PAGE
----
See http://toysoldier.wordpress.com/2011/12/15/one-of-these-things-is-not-like-the-other/ for more information and discussion.

So, it does appear that for men, rape is gendered and that in some classifications of rape (even though the CDC intentionally misclassifies such to skew the numbers), women are the primary perpetrators.

It is far past time to stop promoting and defending statistical models that intentionally erase MILLIONS of survivors simply because they have the wrong genitalia to fit certain preconceived political arguments. Maybe before shouting "What About Teh Menz" in a mocking fit, you might want to check yourself and make sure you aren't part of the problem by promoting intentionally skewed stats that misrepresent the facts and hurt other survivors. It is one thing for a person to "speak the truth about their own experience", but quite another to misuse stats or create hierarchies of survivorhood based on gender.

If we are going to have adult conversations on rape and gender, then let's use real facts that treat survivors equally, rather than tortured stats that treat the same acts differently based solely on the gender of the victim and perpetrator.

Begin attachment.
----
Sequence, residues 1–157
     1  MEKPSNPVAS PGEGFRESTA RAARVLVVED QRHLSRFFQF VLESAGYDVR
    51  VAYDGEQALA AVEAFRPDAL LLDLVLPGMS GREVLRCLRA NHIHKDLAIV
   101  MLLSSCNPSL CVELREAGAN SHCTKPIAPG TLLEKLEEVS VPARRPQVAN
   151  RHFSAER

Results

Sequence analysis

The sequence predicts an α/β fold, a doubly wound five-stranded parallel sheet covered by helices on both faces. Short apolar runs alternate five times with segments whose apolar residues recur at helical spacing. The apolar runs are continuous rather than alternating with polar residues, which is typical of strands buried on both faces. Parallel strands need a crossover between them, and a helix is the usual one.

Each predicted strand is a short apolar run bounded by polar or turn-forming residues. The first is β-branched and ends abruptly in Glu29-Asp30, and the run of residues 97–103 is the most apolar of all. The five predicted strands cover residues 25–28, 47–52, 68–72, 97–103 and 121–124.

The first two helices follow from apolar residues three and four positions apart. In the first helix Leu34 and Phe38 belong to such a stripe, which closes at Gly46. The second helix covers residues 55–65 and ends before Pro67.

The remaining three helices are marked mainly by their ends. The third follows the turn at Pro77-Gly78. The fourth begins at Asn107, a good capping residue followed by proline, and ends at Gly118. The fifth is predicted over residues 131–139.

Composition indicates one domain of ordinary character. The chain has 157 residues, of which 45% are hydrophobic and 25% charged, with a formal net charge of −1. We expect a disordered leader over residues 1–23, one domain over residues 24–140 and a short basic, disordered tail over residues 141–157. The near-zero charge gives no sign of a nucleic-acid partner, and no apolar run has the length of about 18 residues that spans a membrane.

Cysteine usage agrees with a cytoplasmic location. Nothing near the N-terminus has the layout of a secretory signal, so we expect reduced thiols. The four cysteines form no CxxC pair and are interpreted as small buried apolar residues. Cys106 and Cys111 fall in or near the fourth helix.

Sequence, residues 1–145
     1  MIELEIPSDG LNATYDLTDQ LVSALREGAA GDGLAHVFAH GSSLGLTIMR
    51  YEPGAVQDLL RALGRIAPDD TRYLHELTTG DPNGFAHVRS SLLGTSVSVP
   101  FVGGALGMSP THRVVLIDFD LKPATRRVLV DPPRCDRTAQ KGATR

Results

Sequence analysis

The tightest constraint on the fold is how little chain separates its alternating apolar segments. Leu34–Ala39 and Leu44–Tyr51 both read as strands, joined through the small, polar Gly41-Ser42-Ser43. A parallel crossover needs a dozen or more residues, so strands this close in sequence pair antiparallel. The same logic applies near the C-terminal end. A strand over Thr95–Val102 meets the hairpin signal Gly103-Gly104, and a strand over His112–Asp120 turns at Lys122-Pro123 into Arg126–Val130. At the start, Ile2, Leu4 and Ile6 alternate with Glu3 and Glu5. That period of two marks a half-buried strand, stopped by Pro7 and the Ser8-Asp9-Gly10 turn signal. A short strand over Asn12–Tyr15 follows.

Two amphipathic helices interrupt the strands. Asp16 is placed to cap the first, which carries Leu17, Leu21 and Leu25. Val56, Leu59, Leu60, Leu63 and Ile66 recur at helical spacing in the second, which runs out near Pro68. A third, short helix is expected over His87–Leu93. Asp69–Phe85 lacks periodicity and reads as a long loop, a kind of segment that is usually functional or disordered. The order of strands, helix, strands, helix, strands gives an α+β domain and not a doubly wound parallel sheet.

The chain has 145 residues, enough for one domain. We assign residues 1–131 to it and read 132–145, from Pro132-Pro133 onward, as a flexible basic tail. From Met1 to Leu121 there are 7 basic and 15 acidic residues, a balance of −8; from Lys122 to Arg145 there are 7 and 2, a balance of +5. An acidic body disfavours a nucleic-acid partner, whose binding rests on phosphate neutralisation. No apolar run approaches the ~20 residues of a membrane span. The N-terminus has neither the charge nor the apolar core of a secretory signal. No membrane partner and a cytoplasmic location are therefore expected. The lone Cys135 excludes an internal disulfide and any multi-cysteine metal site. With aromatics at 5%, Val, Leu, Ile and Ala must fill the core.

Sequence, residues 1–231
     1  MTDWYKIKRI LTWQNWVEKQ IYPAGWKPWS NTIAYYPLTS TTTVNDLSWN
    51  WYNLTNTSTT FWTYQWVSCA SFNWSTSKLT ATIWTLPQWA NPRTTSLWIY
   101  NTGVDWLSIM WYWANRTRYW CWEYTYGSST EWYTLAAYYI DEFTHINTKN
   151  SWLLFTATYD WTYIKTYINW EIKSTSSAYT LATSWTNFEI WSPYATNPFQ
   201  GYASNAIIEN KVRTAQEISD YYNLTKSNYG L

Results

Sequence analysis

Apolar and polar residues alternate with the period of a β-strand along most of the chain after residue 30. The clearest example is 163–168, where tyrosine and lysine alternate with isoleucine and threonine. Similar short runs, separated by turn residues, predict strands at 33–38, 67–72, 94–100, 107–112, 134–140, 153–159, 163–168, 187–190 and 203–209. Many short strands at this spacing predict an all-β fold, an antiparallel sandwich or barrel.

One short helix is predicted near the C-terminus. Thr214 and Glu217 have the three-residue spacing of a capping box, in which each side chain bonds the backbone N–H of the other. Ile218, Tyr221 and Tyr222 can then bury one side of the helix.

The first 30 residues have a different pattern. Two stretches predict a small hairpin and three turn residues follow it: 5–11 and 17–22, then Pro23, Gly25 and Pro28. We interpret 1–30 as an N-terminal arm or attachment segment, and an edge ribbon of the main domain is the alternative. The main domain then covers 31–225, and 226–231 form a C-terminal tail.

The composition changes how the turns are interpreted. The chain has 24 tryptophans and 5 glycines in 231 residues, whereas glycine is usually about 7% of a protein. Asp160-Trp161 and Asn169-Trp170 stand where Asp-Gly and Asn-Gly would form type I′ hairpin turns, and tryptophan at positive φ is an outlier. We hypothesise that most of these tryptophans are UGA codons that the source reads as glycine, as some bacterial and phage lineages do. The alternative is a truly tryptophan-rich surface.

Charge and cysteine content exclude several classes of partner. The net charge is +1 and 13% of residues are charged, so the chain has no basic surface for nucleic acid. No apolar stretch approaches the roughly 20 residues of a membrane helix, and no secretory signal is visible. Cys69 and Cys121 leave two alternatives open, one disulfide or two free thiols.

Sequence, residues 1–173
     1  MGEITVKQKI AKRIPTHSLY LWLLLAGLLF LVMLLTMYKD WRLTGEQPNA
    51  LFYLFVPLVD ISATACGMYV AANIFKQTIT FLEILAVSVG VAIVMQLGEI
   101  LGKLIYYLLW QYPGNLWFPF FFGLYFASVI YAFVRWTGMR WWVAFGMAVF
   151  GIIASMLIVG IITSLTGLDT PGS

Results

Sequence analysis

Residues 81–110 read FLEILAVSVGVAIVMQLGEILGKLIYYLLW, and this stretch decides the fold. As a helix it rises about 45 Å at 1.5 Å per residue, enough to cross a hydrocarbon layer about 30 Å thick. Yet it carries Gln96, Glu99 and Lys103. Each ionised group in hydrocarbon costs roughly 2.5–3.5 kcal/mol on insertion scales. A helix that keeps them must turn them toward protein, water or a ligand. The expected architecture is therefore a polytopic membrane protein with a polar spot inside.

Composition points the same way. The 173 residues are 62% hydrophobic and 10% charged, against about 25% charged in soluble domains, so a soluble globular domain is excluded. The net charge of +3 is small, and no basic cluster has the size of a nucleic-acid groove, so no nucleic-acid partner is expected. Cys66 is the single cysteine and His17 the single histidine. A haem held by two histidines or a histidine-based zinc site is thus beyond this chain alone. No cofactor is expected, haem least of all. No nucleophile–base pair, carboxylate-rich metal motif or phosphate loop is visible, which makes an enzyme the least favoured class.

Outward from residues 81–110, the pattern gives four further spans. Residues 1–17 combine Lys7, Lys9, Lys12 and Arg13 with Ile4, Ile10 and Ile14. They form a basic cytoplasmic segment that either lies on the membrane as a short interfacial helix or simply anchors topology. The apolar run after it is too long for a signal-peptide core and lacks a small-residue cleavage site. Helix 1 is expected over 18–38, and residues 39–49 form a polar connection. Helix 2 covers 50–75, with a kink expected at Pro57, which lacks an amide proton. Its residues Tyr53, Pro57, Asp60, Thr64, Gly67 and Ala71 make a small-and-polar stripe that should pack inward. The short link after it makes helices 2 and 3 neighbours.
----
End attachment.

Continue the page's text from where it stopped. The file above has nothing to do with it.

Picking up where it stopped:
That would be far more compassionate and mature than continuing to mock us in ignorance.


Sunday, January 15, 2012

I’ve Got the T-Shirt and the Trauma Response to Go With It

As a vocal male survivor, when I’m not talking about sexual violence in writing or before audiences, I’m reading about it in many contexts and sources. A great deal of what I see on a daily basis is directed at men with the assumption that we know nothing about sexual violence or have no experiences that parallel those of female survivors.